Transparency Vs. Objectivity

New media certainly seems to be more biased than traditional journalism. Bloggers have a clear point of view and are not afraid to express their opinions, whereas bigger news organizations remain objective at all times… but are they really being objective? No one is capable of remaining objective as they take in more information; it’s human nature to develop a point of view, even if you choose not to express it. Is it truly better to claim you’re unbiased if, in reality, you’re simply avoiding your point of view? Objectivity is almost impossible, as points of view will inevitably come out in speech, tone, body language or phrasing of an issue. Would it be more honest, and therefore more fair, to simply state what your point of view is before discussing a topic?

Some would argue that transparency is the new objectivity, claiming that it would be better to acknowledge any hidden biases before moving on to discussion. “Objectivity without transparency increasingly will look like arrogance. And then foolishness,” the article states. Perhaps the most important message to get from this is that the two values go hand in hand. Objectivity is an unreachable goal, and journalists who don’t use disclaimers regarding their personal opinions might end up writing (or speaking) with a slant if they’re not careful. However, transparency alone does not make a writer believable. The audience still needs the facts; research, evidence and quotes from knowledgable sources. One without the other would be simply ineffective. “The problem with objectivity is that it tries to show what the world looks like from no particular point of view, which is like wondering what something looks like in the dark.”

Another issue with objectivity is that it’s becoming more and more easy to find out how journalists feel about certain issues. With social media becoming less of a simple trend and more of a necessity, every good journalist has some sort of online presence. Some have separate accounts; those for professional updates and others for personal musings, but even still, it isn’t hard to hunt down the personal pages that are most likely linked to the professional accounts either directly or indirectly. An article from the World Association of Newspapers reminds us that “all this social media activity means that it is becoming ever harder to deny the fact that journalists are people. Shocking, I know, but it’s true. Journalists are people – and people are not objective.”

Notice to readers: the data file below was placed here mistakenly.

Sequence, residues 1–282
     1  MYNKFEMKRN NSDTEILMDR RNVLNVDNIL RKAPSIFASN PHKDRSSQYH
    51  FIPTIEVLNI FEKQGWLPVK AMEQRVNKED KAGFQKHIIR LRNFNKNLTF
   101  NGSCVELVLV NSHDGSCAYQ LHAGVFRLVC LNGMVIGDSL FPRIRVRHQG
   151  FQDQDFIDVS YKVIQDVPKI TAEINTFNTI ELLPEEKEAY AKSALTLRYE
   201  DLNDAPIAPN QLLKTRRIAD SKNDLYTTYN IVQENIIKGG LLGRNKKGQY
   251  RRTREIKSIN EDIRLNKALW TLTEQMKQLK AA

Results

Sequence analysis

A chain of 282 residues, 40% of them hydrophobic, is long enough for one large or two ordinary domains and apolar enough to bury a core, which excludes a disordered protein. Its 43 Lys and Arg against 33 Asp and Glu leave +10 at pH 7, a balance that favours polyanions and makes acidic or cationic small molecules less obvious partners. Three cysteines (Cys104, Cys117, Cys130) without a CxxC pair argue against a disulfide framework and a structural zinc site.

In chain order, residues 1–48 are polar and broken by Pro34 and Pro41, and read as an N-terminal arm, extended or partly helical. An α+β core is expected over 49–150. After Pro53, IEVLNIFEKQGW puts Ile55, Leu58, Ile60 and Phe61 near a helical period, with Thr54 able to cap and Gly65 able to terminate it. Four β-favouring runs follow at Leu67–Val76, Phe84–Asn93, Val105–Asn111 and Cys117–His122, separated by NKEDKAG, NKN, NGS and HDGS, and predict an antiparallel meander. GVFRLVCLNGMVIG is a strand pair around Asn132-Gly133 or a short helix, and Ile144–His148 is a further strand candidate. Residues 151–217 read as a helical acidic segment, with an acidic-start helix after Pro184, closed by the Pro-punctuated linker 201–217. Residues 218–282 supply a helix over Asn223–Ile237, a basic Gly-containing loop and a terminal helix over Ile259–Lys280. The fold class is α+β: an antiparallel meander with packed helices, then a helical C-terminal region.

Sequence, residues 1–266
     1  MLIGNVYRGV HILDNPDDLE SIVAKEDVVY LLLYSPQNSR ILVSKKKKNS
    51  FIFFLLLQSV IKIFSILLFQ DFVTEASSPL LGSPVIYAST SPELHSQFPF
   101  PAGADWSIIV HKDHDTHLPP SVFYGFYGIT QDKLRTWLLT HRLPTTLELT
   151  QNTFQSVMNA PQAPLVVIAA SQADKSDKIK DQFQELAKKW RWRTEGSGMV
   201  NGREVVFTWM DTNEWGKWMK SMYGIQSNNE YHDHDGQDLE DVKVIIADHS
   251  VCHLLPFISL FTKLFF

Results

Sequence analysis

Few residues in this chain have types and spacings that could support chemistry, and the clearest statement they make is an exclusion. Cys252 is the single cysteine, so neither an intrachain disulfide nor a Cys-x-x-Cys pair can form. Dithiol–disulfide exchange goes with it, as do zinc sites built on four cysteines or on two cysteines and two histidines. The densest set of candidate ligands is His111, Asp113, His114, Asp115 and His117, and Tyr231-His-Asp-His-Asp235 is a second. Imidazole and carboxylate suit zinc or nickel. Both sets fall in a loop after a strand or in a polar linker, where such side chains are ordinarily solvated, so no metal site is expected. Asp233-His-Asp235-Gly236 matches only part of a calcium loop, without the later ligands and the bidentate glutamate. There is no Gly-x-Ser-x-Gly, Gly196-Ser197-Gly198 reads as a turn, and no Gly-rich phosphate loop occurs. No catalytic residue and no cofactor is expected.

Some journalists like Jeff Greenfield of Yahoo News chose to remain more objective than others. He stated that he didn’t vote  for years in order to remain unbiased. Does this mean that he was unbiased? Most likely not. Simply because he didn’t express his opinions does not mean he didn’t have them. The issue is certainly one worth debating. Is it fair to ask journalists to do something virtually impossible by removing any sort of opinion within them? “In the long run, it’s worth asking what we can gain by allowing reporters to be human beings while they do their jobs, instead of only asking what we lose by doing so,” journalist Matthew Ingram points out in the New York Times article. What’s the best balance one can achieve between these values? It may take quite a lot of debate before we can decide that for sure.


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